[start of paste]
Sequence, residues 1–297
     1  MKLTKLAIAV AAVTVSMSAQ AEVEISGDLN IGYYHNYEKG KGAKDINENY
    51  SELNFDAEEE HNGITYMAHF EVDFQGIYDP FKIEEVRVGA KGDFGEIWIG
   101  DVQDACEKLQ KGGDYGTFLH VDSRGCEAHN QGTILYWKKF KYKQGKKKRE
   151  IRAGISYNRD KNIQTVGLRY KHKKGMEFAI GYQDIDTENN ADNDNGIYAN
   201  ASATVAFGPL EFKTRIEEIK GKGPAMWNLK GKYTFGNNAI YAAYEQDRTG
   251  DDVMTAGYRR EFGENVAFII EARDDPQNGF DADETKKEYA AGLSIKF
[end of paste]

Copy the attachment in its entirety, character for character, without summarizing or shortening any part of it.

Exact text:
Sequence, residues 1–297
     1  MKLTKLAIAV AAVTVSMSAQ AEVEISGDLN IGYYHNYEKG KGAKDINENY
    51  SELNFDAEEE HNGITYMAHF EVDFQGIYDP FKIEEVRVGA KGDFGEIWIG
   101  DVQDACEKLQ KGGDYGTFLH VDSRGCEAHN QGTILYWKKF KYKQGKKKRE
   151  IRAGISYNRD KNIQTVGLRY KHKKGMEFAI GYQDIDTENN ADNDNGIYAN
   201  ASATVAFGPL EFKTRIEEIK GKGPAMWNLK GKYTFGNNAI YAAYEQDRTG
   251  DDVMTAGYRR EFGENVAFII EARDDPQNGF DADETKKEYA AGLSIKF